The grass looked rough and there were lots of brown spots showing through, as the renowned field crew has found it difficult to overcome the challenge of sharing the field with the CFL’s Toronto Argonauts.
Giovinco, for example, has long complained the wear the Argos put on the field makes him and his teammates susceptible to injuries. He did not look pleased upon his exit from the game.
While Vanney elected to rest midfielder Victor Vazquez, the architect of the offence who has been nursing various ailments all season, he started both Altidore and Giovinco. But the back line was again missing Drew Moor, who sustained a calf injury last week in TFC’s win over the Los Angeles Galaxy.
This meant Michael Bradley once again had to drop back from the midfield to play centre back, with the usual results. In the 36th minute, Tigres defender Juninho lobbed a long perfect pass over the TFC defenders to Dueñas, who had a step on Bradley and beat goalkeeper Alex Bono inside the post.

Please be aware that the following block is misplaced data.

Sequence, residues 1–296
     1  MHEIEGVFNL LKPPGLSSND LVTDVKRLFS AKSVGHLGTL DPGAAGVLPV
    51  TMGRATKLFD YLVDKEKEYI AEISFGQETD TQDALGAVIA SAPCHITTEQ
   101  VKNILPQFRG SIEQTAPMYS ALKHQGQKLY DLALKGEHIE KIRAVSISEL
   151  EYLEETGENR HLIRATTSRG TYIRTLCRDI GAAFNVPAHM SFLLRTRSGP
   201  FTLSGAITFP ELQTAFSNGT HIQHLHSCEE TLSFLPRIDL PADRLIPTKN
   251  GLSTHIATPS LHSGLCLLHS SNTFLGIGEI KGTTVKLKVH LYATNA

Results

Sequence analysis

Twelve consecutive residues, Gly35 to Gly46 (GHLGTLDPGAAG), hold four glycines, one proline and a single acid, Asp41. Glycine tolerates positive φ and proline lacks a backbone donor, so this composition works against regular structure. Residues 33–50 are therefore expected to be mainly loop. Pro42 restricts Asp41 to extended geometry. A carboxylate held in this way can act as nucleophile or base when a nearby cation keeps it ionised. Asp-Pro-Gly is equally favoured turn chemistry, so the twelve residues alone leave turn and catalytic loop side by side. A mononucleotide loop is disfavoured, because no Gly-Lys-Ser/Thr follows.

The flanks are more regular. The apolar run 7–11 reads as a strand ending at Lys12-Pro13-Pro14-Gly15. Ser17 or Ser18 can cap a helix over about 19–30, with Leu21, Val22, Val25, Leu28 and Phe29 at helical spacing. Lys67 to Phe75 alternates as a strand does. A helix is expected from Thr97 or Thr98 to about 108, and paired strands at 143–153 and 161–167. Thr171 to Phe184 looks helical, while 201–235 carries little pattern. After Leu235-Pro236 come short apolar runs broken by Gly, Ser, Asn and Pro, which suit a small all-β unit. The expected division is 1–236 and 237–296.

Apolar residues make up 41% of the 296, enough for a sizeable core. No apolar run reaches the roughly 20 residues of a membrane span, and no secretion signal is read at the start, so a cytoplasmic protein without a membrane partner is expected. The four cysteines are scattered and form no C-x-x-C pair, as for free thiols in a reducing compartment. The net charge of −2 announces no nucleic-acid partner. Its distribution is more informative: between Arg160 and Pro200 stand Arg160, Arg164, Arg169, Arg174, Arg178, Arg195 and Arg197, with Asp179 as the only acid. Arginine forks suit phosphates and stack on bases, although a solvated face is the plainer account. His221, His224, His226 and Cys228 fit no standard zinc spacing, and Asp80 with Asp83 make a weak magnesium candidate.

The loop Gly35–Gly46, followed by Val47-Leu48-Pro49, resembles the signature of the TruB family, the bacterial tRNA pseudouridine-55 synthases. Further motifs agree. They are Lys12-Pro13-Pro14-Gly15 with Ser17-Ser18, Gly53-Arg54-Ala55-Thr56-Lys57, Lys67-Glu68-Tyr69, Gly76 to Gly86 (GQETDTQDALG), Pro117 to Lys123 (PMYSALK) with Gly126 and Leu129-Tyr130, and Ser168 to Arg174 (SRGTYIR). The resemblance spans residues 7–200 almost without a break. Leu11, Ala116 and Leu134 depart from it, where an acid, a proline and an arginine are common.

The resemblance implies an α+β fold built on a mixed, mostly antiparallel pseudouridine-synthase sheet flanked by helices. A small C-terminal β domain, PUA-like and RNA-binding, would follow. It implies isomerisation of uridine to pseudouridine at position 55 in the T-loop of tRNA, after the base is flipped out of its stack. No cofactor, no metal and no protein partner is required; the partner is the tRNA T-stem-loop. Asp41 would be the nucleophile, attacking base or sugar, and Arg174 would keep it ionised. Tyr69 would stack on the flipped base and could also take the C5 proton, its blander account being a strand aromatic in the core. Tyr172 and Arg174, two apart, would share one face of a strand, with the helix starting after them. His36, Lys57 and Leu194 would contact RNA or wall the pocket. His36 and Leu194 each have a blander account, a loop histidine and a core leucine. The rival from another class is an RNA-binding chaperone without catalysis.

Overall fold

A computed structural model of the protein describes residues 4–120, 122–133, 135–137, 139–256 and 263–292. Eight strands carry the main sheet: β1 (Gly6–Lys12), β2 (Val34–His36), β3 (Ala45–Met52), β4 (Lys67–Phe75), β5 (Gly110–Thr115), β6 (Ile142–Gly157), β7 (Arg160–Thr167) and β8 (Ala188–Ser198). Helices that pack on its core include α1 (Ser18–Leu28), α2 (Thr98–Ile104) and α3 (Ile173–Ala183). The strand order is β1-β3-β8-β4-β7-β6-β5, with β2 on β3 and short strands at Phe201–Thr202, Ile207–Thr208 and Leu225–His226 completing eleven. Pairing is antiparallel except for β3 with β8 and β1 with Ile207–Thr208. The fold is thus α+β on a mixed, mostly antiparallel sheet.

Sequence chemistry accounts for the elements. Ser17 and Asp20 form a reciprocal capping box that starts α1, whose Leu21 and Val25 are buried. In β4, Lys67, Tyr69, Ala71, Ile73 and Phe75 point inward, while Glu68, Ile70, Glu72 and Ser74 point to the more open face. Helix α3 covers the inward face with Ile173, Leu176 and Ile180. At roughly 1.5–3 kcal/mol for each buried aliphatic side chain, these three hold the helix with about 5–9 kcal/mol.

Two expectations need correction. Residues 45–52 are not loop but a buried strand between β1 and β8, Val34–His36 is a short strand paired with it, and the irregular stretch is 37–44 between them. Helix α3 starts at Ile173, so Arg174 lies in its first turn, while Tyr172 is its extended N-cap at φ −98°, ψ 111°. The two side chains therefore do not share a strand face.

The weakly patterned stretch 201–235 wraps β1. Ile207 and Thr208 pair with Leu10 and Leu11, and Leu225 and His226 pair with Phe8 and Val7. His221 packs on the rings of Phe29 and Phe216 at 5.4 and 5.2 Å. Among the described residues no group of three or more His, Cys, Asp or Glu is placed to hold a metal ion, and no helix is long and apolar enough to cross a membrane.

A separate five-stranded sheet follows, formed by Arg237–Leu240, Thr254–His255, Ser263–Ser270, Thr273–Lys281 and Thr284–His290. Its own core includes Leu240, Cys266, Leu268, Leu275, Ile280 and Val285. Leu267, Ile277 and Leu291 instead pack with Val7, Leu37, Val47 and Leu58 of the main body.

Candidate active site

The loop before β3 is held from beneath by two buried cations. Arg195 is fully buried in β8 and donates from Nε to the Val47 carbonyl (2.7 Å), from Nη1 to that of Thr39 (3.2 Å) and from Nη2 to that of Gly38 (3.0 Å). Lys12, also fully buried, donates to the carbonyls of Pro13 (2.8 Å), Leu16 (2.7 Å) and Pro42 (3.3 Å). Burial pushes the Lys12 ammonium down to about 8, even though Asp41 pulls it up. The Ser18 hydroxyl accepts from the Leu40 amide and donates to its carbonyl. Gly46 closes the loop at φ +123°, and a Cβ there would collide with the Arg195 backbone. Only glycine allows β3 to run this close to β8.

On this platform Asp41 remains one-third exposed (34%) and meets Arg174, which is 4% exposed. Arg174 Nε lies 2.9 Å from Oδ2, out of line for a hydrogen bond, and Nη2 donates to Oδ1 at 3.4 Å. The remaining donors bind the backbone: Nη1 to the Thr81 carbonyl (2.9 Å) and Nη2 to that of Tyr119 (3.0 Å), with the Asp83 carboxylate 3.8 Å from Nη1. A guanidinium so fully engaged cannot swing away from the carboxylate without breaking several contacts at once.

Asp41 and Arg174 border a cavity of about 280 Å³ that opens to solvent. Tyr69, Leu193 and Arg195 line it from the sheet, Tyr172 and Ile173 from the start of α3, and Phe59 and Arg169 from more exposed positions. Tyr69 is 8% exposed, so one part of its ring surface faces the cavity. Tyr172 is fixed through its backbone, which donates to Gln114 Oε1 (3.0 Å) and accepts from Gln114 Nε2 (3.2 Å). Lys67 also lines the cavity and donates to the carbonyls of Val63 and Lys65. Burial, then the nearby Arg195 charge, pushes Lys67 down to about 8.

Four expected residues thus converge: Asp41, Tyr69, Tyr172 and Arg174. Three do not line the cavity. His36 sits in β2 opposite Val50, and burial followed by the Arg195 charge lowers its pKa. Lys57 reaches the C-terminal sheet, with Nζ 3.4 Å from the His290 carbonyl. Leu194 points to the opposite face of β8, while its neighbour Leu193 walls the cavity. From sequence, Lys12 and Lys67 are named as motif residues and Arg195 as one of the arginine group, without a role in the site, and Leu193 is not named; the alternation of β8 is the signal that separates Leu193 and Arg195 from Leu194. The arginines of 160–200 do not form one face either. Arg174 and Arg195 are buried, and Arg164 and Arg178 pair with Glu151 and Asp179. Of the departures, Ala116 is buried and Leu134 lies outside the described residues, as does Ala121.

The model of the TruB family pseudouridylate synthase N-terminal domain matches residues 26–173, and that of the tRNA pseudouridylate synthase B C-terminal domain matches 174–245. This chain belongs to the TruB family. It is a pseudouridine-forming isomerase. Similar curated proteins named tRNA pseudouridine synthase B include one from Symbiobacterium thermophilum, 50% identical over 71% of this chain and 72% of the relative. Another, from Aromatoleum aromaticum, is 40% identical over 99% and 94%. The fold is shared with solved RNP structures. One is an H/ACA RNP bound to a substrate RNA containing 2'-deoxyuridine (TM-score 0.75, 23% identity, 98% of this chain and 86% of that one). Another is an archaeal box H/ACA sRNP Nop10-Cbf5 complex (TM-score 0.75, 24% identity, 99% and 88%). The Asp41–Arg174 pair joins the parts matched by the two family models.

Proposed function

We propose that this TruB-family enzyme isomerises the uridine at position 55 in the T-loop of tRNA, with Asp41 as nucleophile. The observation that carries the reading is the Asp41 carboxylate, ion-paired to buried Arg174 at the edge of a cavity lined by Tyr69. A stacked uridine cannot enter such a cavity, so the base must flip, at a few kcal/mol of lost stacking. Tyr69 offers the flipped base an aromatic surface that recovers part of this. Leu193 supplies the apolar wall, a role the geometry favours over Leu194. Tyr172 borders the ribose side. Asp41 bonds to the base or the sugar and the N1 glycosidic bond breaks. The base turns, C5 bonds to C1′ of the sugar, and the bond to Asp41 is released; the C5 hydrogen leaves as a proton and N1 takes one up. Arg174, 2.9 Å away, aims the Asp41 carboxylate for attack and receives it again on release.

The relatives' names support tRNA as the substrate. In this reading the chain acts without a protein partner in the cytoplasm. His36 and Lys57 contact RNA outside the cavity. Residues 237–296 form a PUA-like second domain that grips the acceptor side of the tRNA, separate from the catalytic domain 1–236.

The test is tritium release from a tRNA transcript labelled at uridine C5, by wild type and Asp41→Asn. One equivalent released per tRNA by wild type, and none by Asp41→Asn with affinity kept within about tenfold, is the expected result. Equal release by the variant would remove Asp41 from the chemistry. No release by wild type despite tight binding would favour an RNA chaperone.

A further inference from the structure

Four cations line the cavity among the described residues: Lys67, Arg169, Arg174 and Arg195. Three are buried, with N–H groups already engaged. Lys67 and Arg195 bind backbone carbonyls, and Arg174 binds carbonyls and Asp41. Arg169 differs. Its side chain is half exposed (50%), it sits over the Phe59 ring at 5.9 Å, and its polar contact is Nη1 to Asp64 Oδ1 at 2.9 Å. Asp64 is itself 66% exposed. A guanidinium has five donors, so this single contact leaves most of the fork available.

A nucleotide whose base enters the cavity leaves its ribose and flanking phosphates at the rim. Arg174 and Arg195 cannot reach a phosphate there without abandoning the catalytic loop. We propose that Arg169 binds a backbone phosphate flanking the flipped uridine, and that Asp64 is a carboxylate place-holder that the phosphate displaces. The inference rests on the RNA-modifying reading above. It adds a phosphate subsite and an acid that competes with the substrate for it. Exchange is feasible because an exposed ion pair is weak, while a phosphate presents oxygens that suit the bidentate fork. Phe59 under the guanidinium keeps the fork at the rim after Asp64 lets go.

The Reds’ best – and pretty much only – scoring chance in the first half came on a corner kick by Giovinco. He hooked it nicely into the box but Jay Chapman put his header off the crossbar.
Altidore followed Giovinco out of the game in the 58th minute and eight minutes after that it was all over. The Reds cleared a corner kick but the ball went to Dueñas, who drilled a low shot from 25 metres that beat Bono. Two minutes later, a Tigres cross went off TFC defender Eriq Zavaleta’s foot for an own goal.
At that point, nothing could go right for the Reds. On one of their best chances of the second half, a shot by Chapman in the box hit striker Tousaint Ricketts, who had replaced Altidore, on the backside for his second missed opportunity. Vanney had to admit that, too, was a metaphor for TFC’s season, although that’s all he wanted to say.
“Jay [Chapman] hit the crossbar, Jay bit the back of [Ricketts] somehow,” the coach said. “We found different ways to not finish the way we would like to finish. I don’t think there’s a particular reason and any reason I give would sound like an excuse so I’ll just leave it at that.”